Inspiration comes from many sources. And for the winning contestant in the 2012 “Miss Gay Arlington” competition, those inspirations included Jeannie C. Riley and Emily Litella.
“Stardust,” the stage name of James Potter, won the second annual competition, sponsored by the Arlington Gay and Lesbian Alliance, during a showdown April 28 at Freddie’s Beach Bar in Crystal City.
While there were four categories of competition, Stardust took control of the night during the talent competition, when she lip-synched a classic monologue featuring Gilda Radner as the perpetually befuddled Litella, reading a children’s book about a teeny-tiny princess on her wedding night, then moved into an up-tempo version of Riley’s 1968 country anthem “Harper Valley PTA.”
For Kris McLaughlin, a former AGLA president and one of the judges, that moment had special meaning.
“It was awesome to see a young performer bring Gilda back to the stage with such passion,” McLaughlin said. “I’m a big Gilda fan, and was delighted to watch another fan, who imitates her much better than I do.”
The event featured men portraying the female persona. As winner, Potter/Stardust received a prize package that included $300, a collection of costume jewelry, the official Miss Gay Arlington crown and sash and the opportunity to participate in the Capital Pride Parade.
“The contestants did a great job, the guest entertainers were fantastic, and the crowd was standing-room only,” said Daniel Hays, who organized the competition.
The theme of the event was Mardi Gras, honoring the 2011 Miss Gay Arlington (Diamond D. Bottoms), who originally is from the New Orleans area.
For the evening’s emcee, Nate Johnston – known on stage as Shelby Bottoms – the event marked a return to the local area since his move to Columbus, Ohio.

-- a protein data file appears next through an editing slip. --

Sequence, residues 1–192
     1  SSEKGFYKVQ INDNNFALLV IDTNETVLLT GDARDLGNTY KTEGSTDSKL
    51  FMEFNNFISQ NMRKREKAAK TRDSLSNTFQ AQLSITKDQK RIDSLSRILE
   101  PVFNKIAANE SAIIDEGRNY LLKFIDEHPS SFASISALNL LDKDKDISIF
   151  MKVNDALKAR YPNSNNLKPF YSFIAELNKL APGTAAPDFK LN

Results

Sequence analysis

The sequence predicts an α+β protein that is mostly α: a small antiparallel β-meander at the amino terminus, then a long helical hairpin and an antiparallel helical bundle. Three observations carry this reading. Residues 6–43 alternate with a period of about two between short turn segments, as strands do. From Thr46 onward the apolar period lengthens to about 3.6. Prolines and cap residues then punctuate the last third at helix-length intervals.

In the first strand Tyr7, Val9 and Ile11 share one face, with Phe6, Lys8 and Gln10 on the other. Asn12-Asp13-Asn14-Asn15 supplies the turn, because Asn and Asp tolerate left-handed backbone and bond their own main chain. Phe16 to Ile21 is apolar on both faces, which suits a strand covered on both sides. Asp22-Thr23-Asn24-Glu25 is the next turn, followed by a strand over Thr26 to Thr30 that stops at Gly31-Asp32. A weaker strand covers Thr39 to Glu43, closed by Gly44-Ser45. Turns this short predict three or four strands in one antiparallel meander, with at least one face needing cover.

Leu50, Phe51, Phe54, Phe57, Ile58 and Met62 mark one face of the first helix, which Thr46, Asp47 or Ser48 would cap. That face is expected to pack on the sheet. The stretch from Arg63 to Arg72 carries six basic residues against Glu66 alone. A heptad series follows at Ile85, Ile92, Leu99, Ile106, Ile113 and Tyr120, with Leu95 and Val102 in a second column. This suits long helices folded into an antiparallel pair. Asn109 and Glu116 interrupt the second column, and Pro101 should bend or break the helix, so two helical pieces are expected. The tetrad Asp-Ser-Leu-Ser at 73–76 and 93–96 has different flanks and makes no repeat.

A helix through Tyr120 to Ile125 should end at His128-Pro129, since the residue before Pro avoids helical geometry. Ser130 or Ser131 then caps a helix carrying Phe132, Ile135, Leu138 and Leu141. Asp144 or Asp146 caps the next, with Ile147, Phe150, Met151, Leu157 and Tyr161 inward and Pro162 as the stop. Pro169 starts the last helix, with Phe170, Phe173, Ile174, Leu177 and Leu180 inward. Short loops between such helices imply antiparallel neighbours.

Despite the eight-hour drive, “It’s great to be back,” Johnston-as-Bottoms told the audience while peppering the room with one-liners.
As for the contestants, Bottoms said the effort in time, expense and courage put in by the contestants is inspirational. “It takes a lot to come out on this stage. Nobody is ever a loser, everybody’s a winner.”
In addition to talent, judges rated the contestants on initial presentation, evening gown and on-stage questioning.
Both Stardust and her competition, Hope B. Childs, were tall and willowy, although those who perform in the local area come in all shapes and sizes.
Childs started off strong, with an impressive, all-white ensemble and, later, a monologue and song from the musical “Gypsy.” But Stardust’s performance as Litella may have turned the tide with the judges.
For Hays, who performs as Muffy Bottoms (trying to keep all the various Bottomses straight, so to speak, isn’t easy for the first-timer at these pageants), there are a number of skills needed to do well in these types of competitions.
“Success is the product of putting the complete package together,” he said. “Yes, there are the obvious skills, like makeup, hair and costume design, but it is much more than that.”
“Doing drag is a full-on performance requiring an array of performance skills,” Hays said. “For me, I find one of the most important qualities to be the ability to take on and deliver the persona of my alter ego, something that for me is kind of a product of physically transforming into the character.”
The event’s genesis comes from the desire of AGLA officials to have a little fun and get a young audience involved in its mission. McLaughlin said the event, which drew a packed crowd, had achieved its goals.
“The event organizers wanted to reach a diverse crowd – they succeeded,” she said. “I met people new to Freddie’s and saw longtime friends, straight and the entire gay alphabet – LGBTQ, etc. – along with candidates for public service.”
Planning already has started for the 2013 competition, organizers said.